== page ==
As soon as I saw the picture of slab scones on Dinner with Julie’s blog, I was overwhelmed by the desire to make them. Do you ever get this way? That you want to cook something so badly that the adrenaline surge gives you a head rush? Maybe it’s just me? Some kind of little-known baking addiction/withdrawal? I’m not sure why I had that response to this particular recipe, which is, after all, for scones – something I’ve made about a thousand times before.
Not like this, though. There is just something so appealing about the idea of making something this way, with a layer of delicious filling in the middle. Why is this more alluring than mixing the same stuff all through the dough? I don’t know; maybe it’s the concentrated taste, contrasting with the scone texture, as opposed to having it scattered all through in bits? I haven’t analyzed it sufficiently; I just knew that it was a brilliant idea and that I was going to take the first excuse I could to make some.
An afterschool play date provided me with opportunity; then I just had to figure out how to work around my lack of equipment. These days I normally make scone dough in the food processor, because it takes me about 30 seconds and I don’t have to hassle with massaging butter into flour. Under the current circumstances, that option was obviously out, so I went to my next-best option: freezing the butter and then shredding it on a box grater. That way it’s already so small when it goes into the flour that it requires minimal additional work.
The other equipment issue, particular to this recipe, was rolling out the scone dough. I don’t have a rolling pin either, and I’m resisting the urge to buy one, since I already own at least four for this very reason. So I improvised: I filled an empty 1-litre bottle with water and put it in the freezer. Once frozen, it made a perfectly good makeshift rolling pin (if you don’t mind a little bit of a – shall we say rustic? – texture).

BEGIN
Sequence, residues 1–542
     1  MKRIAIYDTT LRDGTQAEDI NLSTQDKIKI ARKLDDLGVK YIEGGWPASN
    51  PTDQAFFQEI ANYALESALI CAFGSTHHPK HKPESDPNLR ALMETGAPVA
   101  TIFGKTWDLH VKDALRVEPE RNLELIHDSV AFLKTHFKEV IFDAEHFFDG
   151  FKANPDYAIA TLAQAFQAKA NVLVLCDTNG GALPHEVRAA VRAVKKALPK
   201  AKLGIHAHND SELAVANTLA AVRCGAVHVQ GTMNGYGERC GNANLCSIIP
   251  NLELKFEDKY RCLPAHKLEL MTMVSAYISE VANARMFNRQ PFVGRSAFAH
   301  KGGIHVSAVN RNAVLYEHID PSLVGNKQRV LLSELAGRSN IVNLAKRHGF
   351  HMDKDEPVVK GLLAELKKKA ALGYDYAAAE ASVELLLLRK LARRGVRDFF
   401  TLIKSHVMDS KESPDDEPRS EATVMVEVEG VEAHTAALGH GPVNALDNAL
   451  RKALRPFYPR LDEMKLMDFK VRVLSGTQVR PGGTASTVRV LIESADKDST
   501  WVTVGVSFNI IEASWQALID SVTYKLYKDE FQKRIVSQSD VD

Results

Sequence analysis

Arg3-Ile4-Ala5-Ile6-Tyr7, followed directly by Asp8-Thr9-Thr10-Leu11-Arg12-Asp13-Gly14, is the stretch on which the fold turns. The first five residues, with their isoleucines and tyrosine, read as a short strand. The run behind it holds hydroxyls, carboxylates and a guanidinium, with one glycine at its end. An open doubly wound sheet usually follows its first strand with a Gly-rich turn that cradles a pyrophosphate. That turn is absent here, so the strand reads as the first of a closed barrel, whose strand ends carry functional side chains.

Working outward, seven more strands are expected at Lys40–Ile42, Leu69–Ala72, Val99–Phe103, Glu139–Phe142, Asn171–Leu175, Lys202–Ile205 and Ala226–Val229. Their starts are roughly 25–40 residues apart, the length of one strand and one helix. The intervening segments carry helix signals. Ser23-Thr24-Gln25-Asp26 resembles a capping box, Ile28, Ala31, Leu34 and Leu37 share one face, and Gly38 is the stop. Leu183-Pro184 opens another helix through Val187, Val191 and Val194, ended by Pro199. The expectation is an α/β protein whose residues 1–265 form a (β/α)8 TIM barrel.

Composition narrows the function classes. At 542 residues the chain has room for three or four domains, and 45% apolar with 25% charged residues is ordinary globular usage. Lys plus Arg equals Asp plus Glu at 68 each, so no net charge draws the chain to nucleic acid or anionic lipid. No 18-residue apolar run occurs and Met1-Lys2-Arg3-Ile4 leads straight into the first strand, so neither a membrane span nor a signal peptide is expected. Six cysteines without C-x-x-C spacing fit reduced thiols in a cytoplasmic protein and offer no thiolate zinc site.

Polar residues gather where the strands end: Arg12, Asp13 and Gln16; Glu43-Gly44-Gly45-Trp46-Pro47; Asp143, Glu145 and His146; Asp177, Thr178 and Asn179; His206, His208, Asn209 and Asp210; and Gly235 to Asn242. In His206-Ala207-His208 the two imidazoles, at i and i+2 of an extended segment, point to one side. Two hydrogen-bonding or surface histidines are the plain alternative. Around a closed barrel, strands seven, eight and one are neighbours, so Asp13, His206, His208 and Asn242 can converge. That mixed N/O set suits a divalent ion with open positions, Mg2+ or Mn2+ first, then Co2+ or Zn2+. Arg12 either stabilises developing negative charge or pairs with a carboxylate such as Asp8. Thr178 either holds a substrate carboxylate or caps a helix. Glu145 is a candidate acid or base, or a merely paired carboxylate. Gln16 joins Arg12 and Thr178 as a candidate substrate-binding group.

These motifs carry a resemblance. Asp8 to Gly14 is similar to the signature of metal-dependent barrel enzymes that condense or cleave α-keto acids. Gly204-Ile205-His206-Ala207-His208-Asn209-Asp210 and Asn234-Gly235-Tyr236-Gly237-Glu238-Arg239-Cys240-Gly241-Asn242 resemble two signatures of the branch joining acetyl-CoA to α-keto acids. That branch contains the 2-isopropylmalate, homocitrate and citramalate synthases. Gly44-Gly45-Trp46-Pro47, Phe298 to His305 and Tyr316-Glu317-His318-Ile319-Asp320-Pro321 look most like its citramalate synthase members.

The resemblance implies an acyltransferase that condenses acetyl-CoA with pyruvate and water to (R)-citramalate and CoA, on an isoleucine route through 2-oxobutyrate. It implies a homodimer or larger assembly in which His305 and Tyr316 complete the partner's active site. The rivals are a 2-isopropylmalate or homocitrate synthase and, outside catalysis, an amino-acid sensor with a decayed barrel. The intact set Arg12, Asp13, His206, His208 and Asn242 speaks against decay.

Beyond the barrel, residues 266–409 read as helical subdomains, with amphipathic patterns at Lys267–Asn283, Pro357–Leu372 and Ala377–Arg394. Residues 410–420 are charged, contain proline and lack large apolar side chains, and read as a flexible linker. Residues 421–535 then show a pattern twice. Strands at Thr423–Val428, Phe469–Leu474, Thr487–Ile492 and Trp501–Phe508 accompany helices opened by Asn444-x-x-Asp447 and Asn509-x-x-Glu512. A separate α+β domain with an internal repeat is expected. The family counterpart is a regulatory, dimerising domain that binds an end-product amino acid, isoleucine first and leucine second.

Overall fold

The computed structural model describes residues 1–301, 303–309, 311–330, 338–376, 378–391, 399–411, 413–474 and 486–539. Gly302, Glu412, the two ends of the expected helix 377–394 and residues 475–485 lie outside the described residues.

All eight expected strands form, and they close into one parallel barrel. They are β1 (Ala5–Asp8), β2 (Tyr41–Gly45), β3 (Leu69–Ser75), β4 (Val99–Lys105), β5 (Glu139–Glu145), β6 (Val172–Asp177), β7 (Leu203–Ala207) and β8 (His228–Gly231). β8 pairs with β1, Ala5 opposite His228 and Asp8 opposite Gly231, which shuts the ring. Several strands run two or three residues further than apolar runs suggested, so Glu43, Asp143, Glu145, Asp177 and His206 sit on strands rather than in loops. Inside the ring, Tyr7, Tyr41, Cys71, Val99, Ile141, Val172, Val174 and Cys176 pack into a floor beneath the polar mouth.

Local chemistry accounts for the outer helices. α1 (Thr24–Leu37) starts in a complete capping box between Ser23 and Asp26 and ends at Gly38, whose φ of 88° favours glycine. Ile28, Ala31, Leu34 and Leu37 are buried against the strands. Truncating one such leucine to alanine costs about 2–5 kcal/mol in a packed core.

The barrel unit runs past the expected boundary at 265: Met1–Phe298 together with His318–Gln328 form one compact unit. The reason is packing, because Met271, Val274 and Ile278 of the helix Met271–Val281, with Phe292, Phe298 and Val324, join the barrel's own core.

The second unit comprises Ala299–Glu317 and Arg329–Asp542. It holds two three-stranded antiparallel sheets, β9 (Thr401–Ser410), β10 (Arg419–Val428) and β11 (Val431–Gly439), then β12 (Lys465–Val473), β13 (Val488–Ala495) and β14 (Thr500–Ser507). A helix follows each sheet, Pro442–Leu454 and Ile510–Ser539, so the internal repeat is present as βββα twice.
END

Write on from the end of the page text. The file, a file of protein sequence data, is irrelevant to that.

Julie’s recipe makes enough scone dough for two pieces of dough; I omitted the sugar so that I could make one savory (filled with about ½ cup of grated cheddar cheese and a couple of rashers of bacon, sliced thin and cooked until crisp) as well as one sweet (filled with about 6 tablespoons of raspberry jam). I got at least 6 big, triangular scones out of each slab, and they were a smash hit at the playdate. As my friend PJ pointed out, they are perfect for transporting, because you don’t need to bring anything extra for accompaniment; all the good stuff is already inside. Still warm, with a cup of tea alongside, they were just thing for a chilly Canberra winter afternoon. And would probably still make a nice snack (or breakfast) even if you’re among those sweltering somewhere in the northern hemisphere.